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Tired of reading articles? Try listening to a few

This iOS app helps you listen to your articles when you're busy

A stack of books with a pair of over-ear headphones around them on an orange background. Credit: Getty Images / knoppper

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Setting aside time to read a good article or two isn’t always easy: there’s always something else to take care of first. As a result, many of us try to fit our reading into the margins of our lives: on our commutes, waiting in doctor's offices, or in the few minutes before our eyes get heavy enough to fall asleep. That might be enough for the infrequent reader, but it's tough for more ambitious folks to get through that stack of unread articles by slowly chipping away.

Audiobooks are great for letting you tune into your favorite books while you're working on something else. Unfortunately, you can't typically get custom-narrated versions of articles for read-it-later apps with text-to-speech like Pocket or Instapaper listen to as you churn through your chores. But with a bit of tinkering and a handy iPhone app, you can still turn your to-read articles into makeshift audiobooks.

Converting the text to audio

Three screenshots of Voice Dream Reader, showing the player interface and voice settings.
Credit: Voice Dream Reader

You can choose from a variety of voices, and you can modify things like speech rate and sentence or paragraph pause length.

The easiest way to listen to articles you've saved for later is to use text-to-speech features built into dedicated apps. There are a fair few options for this available for iPhone, including some free ones.

Pocket (mentioned above) is a popular choice and does a good job for a free app, but it's also pretty barebones. Matter, a newer read-it-later app, has a significantly better voice engine that sounds closer to a natural voice, but it's better suited for early adopters right now than casual users. Its interface is nice, and it has functionality that Pocket and Instapaper don’t offer (you can have newsletters feed directly into Matter’s inbox), but its interface has a higher learning curve than the other two.

The best and most customizable way we’ve found to turn your articles into mini audiobooks on your iPhone is to use an app called Voice Dream Reader, which pulls text from sources like Pocket or Instapaper, as well as Evernote and Google Drive. This allows you to turn virtually any bit of text into something listenable with just a few taps.

As the name implies, Voice Dream Reader also has more voices to choose from than the other apps noted above, with different options for various languages, and premium voices available via in-app purchase that, while pricey, sound significantly better. You can also modify the speed, volume, sentence pause, and paragraph pause of each unique voice to make sure everything sounds right to your ears.

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Choosing the right voice

Three screenshots of Voice Dream Reader, showing the sources it can pull from, as well as some of the voice options available.
Credit: Voice Dream Reader

Voice Dream Reader can pull in text from a variety of sources, including read-it-later apps like Pocket or Instapaper.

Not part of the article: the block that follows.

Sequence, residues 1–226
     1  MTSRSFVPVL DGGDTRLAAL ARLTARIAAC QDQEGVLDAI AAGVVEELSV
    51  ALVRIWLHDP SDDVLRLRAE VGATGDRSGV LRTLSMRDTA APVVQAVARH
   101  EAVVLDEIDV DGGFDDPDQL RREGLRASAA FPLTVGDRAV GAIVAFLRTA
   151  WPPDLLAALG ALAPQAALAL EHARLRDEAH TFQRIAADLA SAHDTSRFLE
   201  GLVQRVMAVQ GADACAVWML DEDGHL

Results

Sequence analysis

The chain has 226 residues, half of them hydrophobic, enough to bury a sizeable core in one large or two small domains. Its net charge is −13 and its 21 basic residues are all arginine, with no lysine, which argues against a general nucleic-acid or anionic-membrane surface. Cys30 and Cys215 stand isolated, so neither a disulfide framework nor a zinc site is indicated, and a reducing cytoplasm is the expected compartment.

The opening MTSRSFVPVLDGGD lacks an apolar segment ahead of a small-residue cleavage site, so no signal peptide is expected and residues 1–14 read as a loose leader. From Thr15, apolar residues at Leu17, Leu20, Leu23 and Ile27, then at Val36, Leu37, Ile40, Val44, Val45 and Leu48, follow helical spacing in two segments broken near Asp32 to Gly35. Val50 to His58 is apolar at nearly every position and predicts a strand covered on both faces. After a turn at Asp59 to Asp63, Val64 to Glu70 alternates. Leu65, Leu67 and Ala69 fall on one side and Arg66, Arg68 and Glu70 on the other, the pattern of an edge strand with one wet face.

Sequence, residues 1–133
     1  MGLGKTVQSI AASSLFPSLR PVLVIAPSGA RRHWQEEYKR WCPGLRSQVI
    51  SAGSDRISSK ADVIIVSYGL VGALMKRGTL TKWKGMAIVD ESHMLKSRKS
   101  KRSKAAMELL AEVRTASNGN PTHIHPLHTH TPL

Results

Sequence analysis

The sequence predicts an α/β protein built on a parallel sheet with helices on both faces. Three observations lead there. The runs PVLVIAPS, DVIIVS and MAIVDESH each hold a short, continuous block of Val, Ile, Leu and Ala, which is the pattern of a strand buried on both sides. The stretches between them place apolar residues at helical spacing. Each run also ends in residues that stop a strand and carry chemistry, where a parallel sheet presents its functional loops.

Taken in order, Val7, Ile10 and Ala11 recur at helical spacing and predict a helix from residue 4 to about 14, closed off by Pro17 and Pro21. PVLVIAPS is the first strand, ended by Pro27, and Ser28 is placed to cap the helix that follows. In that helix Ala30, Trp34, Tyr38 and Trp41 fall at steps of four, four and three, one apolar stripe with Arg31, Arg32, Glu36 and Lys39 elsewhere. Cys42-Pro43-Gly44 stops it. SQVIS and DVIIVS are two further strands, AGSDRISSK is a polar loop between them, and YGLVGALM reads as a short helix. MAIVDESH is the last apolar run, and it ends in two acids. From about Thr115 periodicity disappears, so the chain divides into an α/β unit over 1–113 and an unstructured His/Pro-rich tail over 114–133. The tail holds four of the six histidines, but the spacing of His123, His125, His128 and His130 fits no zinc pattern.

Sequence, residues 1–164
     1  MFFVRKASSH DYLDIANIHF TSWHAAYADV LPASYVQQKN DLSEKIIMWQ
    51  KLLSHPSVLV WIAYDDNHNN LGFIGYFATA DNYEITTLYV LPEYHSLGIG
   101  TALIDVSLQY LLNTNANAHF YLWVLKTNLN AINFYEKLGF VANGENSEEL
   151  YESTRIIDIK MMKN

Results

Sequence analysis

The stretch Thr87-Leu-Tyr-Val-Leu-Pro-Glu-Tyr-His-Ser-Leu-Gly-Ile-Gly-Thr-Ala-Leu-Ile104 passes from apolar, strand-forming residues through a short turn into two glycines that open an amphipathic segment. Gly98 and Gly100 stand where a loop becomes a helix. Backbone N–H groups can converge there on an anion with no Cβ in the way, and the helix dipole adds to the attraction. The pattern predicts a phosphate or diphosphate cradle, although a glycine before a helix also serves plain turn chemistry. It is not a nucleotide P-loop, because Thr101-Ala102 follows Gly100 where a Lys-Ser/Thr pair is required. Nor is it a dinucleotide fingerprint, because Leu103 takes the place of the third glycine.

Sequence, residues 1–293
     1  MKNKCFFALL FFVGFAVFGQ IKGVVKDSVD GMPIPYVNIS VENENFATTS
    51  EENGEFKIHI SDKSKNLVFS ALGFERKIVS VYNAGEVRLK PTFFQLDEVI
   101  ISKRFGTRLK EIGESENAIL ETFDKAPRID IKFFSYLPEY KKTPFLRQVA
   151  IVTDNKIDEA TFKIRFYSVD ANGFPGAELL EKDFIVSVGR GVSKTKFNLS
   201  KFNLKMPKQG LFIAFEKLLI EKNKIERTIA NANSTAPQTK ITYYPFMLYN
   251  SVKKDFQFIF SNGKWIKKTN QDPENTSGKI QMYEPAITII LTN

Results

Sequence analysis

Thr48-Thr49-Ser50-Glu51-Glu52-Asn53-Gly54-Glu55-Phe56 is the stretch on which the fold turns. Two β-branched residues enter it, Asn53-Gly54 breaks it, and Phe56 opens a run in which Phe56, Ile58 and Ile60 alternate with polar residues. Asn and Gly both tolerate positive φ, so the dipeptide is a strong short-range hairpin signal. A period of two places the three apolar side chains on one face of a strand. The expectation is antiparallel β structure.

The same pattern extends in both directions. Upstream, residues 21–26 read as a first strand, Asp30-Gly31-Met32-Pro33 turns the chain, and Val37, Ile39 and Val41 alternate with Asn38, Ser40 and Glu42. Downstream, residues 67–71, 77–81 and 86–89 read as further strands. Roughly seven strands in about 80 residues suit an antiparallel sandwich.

To pick a voice, just tap the settings icon at the bottom of the Voice Dream Reader app and select "Manage My Voices." From there, you can scroll through the voices by language, with options for English, Arabic, Spanish (and plenty of others as well) and preview each one before making your decision.

You can also select "Shop" in the bottom right hand corner and buy premium voices for $4.99 each. There are even some children's voices you can choose from in the shop, if you want to give your kiddo something interesting to listen to for a bit.

Selecting your articles

Once you've dipped into Voice Dream Reader's settings and picked out a voice or two you like, it's time to start feeding it some articles.

From the settings screen, select "Content Sources." You'll see options for Scanner, File Browser, Clipboard, Dropbox, and Google Drive, plus a few others. Those are all perfectly fine options from which to draw your text, but since we're specifically looking to read out news articles, Pocket or Instapaper will be your best bets.

Next you’ll want to select the service you plan on funneling all your articles through and log in. Instapaper's premium tier is cheaper, but Pocket's interface is nicer and it's more frequently updated.

After you’ve made your choice, go back to the Voice Dream Reader app's home page and hit the plus button at the top left of the screen. You should see a button for Pocket or Instapaper in the dropdown menu, so tap that. Once you do, it should start automatically importing a group of your most recently-saved articles.

From there, you can either select a single article to start listening to, or create a queue of articles to cycle through as you move about your day. To do that, just tap "Edit" at the top right of the screen, and select all the articles you want to listen to. You should see an icon at the bottom of the screen that looks like a numbered list: tap on that, and select "Add to Top" or "Add to Bottom" depending on where you want these articles to sit in your queue.

It may not be as clean as a well-produced audiobook, and it's a bit of work to get it set up, but Voice Dream Reader provides a great way to listen to articles you've been putting off reading without having to pull yourself away from other, more pressing matters.

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